[In the following essay, Nickson uses an examination of the adherence of George Bernard Shaw to Soviet-style communism under Stalin as an example of such adherence among many artists and intellectuals of the time.]

"I am not a fascist; I am, and have been all throughout my political life, a Communist." That was George Bernard Shaw in 1935. But ten years later he was still having to answer the question "Are you a Fascist, Mr. Shaw?" Patiently replying to a newspaper reporter, Shaw said: "No: I am a Communist. That is, I advocate national...

(The entire section is 5271 words.)

Daniel Rancour-Laferriere (essay date 1985)

(Twentieth-Century Literary Criticism)

SOURCE: "The Deranged Birthday Boy: Solzhenitsyn's Portrait of Stalin in The First Circle'," in Mosaic: A Journal for the Interdisciplinary Study of Literature, Vol. XVIII, No. 3, Summer, 1985, pp. 61-72.

[In the following essay, Rancour-Laferriere attempts a psychoanalytical reading of the character Stalin in Solzenicyn's The First Circle.]

Since Alexander Solzhenitsyn personally experienced the concentration camps of Stalinist Russia, it is not surprising that his extended portrait of Stalin in The First Circle should be "bitter" and "sarcastic."1 What is surprising is that this portrait nonetheless succeeds on an esthetic level and is convincing...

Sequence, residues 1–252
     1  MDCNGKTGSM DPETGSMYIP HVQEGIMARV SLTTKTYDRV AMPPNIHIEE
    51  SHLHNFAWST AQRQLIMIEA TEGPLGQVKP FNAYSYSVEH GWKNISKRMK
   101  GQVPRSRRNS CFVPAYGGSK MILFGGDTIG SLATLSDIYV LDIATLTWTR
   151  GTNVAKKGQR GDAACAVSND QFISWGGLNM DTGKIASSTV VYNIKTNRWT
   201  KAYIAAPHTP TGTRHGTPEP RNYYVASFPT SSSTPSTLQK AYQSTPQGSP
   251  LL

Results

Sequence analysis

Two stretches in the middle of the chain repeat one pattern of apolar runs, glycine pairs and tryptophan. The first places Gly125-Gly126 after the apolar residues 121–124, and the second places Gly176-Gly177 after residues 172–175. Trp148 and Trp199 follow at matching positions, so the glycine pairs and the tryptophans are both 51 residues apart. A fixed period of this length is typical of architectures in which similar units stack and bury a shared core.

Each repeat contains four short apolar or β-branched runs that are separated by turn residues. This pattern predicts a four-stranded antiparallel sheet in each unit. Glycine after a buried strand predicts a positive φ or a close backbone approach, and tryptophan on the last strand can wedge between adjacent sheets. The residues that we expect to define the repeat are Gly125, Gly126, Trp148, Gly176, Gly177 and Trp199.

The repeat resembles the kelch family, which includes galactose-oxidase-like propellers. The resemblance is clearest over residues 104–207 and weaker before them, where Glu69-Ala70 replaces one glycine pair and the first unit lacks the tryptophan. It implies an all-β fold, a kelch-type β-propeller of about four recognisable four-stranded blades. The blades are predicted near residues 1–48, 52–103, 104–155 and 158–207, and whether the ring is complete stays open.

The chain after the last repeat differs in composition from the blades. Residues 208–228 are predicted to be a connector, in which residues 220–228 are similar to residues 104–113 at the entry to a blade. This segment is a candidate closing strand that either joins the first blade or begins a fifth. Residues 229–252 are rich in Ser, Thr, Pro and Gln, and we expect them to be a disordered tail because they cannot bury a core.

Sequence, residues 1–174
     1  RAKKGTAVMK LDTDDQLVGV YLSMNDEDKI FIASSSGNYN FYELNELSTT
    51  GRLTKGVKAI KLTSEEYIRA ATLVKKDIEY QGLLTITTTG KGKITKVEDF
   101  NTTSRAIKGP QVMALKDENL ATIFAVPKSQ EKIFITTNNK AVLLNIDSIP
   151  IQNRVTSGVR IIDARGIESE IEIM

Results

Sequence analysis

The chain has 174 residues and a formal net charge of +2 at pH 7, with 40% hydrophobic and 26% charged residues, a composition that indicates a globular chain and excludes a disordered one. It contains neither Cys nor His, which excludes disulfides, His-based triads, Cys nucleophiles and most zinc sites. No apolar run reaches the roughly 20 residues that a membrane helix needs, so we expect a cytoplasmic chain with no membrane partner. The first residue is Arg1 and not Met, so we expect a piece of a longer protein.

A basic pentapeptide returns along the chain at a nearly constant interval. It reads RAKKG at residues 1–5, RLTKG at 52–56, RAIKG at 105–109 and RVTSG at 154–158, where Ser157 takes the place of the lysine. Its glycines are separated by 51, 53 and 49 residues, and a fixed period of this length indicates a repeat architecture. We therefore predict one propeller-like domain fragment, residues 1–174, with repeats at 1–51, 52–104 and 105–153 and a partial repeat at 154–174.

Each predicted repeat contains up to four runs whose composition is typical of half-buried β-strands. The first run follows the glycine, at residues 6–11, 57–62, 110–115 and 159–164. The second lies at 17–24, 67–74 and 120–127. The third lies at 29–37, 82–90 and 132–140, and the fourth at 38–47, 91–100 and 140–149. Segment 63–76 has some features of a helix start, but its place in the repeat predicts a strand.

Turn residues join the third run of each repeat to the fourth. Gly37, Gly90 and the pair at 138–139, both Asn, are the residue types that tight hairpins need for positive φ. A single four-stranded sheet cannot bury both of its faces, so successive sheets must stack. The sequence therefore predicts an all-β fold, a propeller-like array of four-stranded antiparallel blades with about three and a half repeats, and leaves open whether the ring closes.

(The entire section is 5676 words.)

Rosalind Marsh (essay date 1989)

(Twentieth-Century Literary Criticism)

SOURCE: "The Image of Stalin in Soviet Literature During Stalin's Lifetime," in Images of Dictatorship: Portraits of Stalin in Literature, Routledge, 1989, pp. 17-53.

[In the following essay, Marsh reviews portrayals of Stalin in Soviet literature written and published during his leadership.]

With the exception of Lenin,1 no historical figure in modern times has been the subject of as many literary and dramatic portrayals as Joseph Stalin. Many writers in the USSR, including both hack writers and the best writers in the country, have chosen—or been forced—to treat this subject. In Stalin's time Soviet writers were obliged to contribute to the...

(The entire section is 15986 words.)

Margaret Ziolkowski (essay date 1991)